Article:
American Orthodoxy

The Patron Saint of Rabbis’ Kids

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Elli Fischer

After minhah at school one day, two boys decided, for reasons known only to teenage boys, to drop and do push-ups on the synagogue floor. One boy, from a well-heeled, non-observant family, attended the Jewish high school because, among the prep-school options, it was not a bad choice, and he could start on the basketball team. The other boy, the son of a prominent local Orthodox rabbi and among the eldest of a dozen or so siblings, was enrolled in the school after things didn’t quite work out at an out-of-town yeshiva.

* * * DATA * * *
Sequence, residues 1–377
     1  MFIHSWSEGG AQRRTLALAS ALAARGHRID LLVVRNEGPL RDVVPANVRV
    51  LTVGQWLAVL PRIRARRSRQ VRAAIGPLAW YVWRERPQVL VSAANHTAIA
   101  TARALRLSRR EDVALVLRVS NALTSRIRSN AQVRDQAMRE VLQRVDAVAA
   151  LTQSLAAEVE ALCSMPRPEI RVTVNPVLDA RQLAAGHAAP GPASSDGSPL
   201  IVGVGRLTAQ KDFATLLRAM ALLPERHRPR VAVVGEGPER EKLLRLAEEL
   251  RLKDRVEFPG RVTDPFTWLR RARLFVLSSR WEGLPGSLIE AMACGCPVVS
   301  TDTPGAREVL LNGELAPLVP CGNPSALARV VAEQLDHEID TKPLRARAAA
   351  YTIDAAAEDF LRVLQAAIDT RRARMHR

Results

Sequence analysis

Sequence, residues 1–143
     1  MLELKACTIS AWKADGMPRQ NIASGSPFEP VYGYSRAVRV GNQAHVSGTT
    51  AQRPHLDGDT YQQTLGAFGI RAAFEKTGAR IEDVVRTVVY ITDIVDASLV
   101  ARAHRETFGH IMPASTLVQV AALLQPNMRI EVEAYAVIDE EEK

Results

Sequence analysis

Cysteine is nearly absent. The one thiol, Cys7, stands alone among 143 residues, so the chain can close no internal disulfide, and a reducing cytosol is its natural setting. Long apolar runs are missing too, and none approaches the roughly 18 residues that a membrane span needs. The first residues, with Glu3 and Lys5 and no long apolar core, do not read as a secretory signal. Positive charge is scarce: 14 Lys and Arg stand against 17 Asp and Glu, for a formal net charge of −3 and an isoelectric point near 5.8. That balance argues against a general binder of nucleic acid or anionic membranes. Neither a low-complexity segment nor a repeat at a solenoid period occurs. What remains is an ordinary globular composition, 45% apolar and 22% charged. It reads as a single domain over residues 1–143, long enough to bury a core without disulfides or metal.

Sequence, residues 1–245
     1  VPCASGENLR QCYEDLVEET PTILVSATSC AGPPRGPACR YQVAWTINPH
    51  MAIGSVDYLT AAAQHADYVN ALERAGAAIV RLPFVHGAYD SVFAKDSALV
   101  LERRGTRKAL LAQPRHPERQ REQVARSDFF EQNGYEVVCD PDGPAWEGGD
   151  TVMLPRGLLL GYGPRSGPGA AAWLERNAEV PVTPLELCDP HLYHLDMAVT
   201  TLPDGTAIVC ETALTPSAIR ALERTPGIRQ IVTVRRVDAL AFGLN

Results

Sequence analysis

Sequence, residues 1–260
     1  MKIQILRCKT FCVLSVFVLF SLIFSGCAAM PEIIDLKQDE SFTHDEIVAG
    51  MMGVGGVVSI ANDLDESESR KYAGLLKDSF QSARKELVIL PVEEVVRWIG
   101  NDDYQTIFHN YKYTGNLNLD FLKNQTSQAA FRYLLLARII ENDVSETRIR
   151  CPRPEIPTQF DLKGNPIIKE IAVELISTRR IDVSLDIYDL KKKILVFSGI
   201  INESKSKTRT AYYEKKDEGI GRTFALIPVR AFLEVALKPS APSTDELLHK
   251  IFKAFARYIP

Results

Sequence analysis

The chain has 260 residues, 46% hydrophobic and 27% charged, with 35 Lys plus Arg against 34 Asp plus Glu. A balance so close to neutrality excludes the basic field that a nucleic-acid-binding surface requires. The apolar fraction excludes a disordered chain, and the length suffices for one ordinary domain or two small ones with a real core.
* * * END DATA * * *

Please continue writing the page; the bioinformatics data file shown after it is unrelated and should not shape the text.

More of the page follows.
One of the school rabbis walks over to the boys and instructs them to stop. He then turns specifically to the rabbi’s son and says, “You should know better.”

As I watched this scene from a distance, I noted the look of pain, jealousy, and anger on the face of the rabbi’s son. He wanted nothing more than to be like the other boy. It wasn’t just the money, though it was hard to ignore the brand new SUV that the other boy got for his sixteenth birthday and upgraded it (“pimped it out,” in the language of the time) with thousands of dollars’ worth of rims and subwoofers and whatnot. It wasn’t just the looks, the clothes, the ease with girls, or the basketball prowess.

It was the complete lack of expectations. No one ever told that other boy: “you should know better.” When he did push-ups on the synagogue floor, ate treyf, drove on Shabbat, fooled around with his girlfriend, there was no guilt, no voice inside or outside of his head saying, “You should know better.”